1. Go hiking anyways. Sure, the weather stinks. There could be snow on the ground or rain pelting from the sky, but you can still make going for a family hike a weekly event. It could be an urban adventure, exploring the local trails, or a stroll along a winter beach, but get them out and get them walking. Last winter we had a regular Sunday hike with another family whose kids are close in age to ours. Kids always seem to hike farther (and with less complaint!) when they have a friend along. Some families choose activities like GeoCaching to keep kids interested in moving along.
2. Get to the pool. If you are already a member of a YMCA or local club, make it a habit to get to the pool at least once a week. Forget swim lessons, just get in the water and play with your kids. Bring balls, diving toys, torpedos, or other things to keep the fun and energy going. Most indoor public pools have wintertime family swim hours, and some even have fun activities like movie nights where you can swim while watching a movie projected on the wall. Instead of going to a sit-down movie, make Friday night a family fun night at a local waterpark or pool.
3. Play Indoor games. Especially when kids are little, you can keep them busy with games in the house: Hide-n-seek, tag, pillow fights, wrestling on a mattress, building forts are all perennial favorites. When my kids were smaller, I used to build them obstacle courses around the house with sections like "cross the hot lava" (pillows as "stepping stones" across the "lava" of the living room rug). Take some chalk in the garage and make a hopscotch or foursquare area on the garage floor. Get creative and watch your family grow closer while the kids have a blast and get some exercise in the process.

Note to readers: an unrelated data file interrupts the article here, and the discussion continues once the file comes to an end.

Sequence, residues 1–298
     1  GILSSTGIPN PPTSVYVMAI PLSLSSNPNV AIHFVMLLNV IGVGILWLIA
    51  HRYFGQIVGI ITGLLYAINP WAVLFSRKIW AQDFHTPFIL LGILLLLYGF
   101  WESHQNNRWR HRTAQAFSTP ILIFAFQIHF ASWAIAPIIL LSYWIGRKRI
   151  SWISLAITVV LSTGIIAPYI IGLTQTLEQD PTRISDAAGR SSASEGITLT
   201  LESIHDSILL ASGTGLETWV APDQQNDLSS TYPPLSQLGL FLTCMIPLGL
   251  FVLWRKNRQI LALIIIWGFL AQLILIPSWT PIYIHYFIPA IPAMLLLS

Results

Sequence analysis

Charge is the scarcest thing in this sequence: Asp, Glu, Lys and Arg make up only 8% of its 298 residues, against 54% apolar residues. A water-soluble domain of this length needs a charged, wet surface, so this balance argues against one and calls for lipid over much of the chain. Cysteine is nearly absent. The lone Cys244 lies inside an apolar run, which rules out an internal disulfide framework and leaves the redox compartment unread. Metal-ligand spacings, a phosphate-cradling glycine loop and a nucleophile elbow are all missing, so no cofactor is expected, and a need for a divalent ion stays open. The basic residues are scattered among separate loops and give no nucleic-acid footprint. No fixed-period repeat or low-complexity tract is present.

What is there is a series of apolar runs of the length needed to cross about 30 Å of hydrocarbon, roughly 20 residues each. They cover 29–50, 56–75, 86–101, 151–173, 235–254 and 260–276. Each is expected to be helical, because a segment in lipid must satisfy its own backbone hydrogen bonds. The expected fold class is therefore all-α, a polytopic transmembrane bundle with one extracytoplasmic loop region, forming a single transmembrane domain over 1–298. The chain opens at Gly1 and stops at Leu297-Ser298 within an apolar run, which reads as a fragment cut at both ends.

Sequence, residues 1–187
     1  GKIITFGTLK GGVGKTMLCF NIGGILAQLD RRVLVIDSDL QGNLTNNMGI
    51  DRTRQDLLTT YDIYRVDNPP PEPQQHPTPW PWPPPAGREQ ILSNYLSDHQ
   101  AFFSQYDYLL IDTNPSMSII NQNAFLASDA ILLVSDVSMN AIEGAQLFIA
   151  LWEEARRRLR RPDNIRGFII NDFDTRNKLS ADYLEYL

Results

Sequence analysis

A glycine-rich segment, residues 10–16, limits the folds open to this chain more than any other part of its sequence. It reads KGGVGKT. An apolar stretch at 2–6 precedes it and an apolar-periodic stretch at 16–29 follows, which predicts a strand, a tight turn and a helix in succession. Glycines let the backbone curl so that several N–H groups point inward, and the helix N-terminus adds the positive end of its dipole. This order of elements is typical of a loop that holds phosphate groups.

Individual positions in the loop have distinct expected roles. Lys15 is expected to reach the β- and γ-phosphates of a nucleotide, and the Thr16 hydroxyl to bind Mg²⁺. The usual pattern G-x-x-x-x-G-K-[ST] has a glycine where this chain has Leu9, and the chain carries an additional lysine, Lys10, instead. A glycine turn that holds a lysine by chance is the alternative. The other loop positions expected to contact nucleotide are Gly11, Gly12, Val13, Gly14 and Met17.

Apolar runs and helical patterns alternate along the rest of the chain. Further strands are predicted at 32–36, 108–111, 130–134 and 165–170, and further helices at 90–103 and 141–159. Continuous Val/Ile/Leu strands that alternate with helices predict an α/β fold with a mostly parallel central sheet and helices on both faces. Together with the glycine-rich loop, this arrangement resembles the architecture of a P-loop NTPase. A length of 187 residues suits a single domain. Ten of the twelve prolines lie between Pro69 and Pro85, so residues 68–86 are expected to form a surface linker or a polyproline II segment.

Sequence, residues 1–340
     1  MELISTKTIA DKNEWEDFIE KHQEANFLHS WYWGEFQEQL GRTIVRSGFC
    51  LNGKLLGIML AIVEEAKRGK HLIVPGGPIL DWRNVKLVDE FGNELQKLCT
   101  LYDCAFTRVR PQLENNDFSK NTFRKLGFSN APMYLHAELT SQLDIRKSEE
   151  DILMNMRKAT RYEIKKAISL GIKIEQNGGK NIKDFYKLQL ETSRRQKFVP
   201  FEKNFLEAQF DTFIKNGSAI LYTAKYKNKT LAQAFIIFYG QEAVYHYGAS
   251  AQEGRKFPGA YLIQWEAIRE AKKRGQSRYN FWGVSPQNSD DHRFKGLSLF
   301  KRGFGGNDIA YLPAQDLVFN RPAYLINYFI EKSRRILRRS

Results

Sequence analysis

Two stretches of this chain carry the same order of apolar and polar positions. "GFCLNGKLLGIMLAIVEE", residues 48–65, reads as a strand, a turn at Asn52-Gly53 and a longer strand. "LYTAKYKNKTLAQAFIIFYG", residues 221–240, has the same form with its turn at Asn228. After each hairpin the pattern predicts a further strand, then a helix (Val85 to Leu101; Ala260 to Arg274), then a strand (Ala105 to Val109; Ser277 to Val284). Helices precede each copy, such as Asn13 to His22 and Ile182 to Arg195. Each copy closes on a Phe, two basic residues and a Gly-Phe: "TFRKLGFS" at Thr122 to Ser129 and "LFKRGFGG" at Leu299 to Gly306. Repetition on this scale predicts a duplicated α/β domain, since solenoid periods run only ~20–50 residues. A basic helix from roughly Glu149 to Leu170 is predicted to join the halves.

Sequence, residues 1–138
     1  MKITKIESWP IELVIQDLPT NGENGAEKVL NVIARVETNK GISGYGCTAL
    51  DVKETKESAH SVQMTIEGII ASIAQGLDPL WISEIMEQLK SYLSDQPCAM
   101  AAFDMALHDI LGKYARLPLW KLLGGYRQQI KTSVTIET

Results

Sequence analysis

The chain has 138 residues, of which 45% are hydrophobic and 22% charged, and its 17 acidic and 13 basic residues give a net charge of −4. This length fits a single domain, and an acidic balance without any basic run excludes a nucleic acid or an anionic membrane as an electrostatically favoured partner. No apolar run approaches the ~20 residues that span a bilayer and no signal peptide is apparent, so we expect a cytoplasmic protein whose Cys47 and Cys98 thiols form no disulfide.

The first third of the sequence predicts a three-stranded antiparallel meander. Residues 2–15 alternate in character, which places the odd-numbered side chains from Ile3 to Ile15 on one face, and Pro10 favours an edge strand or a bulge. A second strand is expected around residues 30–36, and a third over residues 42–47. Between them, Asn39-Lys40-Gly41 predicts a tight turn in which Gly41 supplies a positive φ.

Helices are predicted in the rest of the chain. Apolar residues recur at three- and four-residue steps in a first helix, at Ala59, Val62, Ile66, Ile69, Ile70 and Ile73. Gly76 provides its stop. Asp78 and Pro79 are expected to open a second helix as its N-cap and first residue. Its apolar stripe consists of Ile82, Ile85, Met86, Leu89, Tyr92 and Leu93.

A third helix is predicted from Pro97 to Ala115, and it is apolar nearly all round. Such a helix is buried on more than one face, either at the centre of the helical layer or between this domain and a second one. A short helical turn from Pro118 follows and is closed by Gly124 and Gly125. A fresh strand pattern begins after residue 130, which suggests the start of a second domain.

5. Take a class with your kids. Community centers, YMCAs, Yoga Centers, and Martial Arts schools often offer classes that both parents and children can take together. I've been taking Karate with my kids now for five years. We started out as white belts together and have encouraged each other as we grew in skill and experience. Now my 14 year old is a brown belt who is hoping to test for his black belt next year, and my 11 year old is a green belt whose self-confidence and physical abilities have blossomed in our family-friendly karate classes. Best of all, it's something we did together. They could see me struggle with the difficult moves and came to realize that just because a lot of things look like they're easier for big people, we have to work at it just as hard to get proficiency. It's important for kids to see adults take on new things and maybe even fail (a favorite family story is when hubby forgot his kata in the middle of his test for his blue belt). The kids love to know that we struggle too, and it encourages them to try harder when they see us put in the effort alongside them.